PORTLAND, Oregon – Yesterday, in an effort led by the Humane Society of the United States, wildlife biologists, including Jane Goodall, joined conservation and animal protection groups in sending letters to Oregon state legislators and state officials decrying a volley of bills intending to overturn Measure 18, the 1994 ballot initiative that abolished the hound hunting of cougars. Most Oregonians agree pursuing cougars with hounds is not “fair chase” hunting. In January, the Humane Society of the United States commissioned a poll by Remington Research Group that showed 65 percent of Oregon’s voters oppose the trophy hunting of cougars.
“Oregonians value and appreciate wildlife,” said Kelly Peterson, Oregon senior state director for the Humane Society of the United States. “Cougars are essential for keeping our ecosystems in balance, including our deer and elk herds. Additional trophy hunts of cougars with hounds will not reduce cougar-human conflicts—it will increase conflicts with pets, livestock and people. What native carnivores like cougars require is humane coexistence.”
The letters are addressed to Sen. Michael Dembrow, D-District 23, chair of the Senate Committee on Environment and Natural Resources, and to Rep. Brad Witt, D-District 31, chair of the House Committee on Natural Resources. The signers state that, “efforts to allow hound hunting of cougars is harmful to cougars and hounds, also detrimental to other wildlife and entire ecosystems as well as to the majority of Oregonians who voted to prohibit hound hunting.”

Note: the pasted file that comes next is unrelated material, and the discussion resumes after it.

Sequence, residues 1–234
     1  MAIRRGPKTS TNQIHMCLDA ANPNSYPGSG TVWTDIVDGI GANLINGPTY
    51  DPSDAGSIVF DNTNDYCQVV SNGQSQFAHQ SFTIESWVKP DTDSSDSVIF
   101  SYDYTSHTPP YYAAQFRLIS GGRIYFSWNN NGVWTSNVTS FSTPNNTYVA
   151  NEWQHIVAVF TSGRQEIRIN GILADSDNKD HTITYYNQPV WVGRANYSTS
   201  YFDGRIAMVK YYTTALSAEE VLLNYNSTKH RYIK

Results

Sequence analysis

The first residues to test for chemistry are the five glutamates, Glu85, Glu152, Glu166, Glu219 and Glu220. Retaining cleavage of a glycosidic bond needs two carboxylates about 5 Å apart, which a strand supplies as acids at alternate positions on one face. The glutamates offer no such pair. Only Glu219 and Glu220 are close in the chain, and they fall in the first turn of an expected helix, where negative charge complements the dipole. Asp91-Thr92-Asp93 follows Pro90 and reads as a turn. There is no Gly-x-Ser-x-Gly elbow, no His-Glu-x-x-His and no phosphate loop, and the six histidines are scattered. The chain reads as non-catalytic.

The Humane Society of the United States partnered with Professor Rob Wielgus, Ph.D., on the correspondence. Dr. Wielgus, the now-retired director of the Large Carnivore Conservation Lab at Washington State University, has been the cougar-research partner with the Washington Department of Fish and Wildlife for the past 20 years. Dr. Wielgus stated:
“The Oregon Department of Fish and Wildlife has systematically overestimated and overstated how many cougars live in Oregon—at levels I’ve not seen anywhere around the world. As a result, the state’s hunting quotas are far beyond what Oregon’s cougars can endure. All indications are that Oregon is already severely overkilling cougars and that any additional hunting mortality will result in eventual population collapse.”
Trophy hunting of cougar leads to greater human conflicts, as Wielgus’ multiple studies have shown. He explains: “High levels of hunting mortality result in removal of the older, resident cougars. Numerous young immigrant cougars, from distant locations, take over the residents’ former territories, and that results in increased cougar-human conflicts and the perception that the overall cougar population is increasing. These results from overhunting cougars have been repeatedly demonstrated in Washington State.”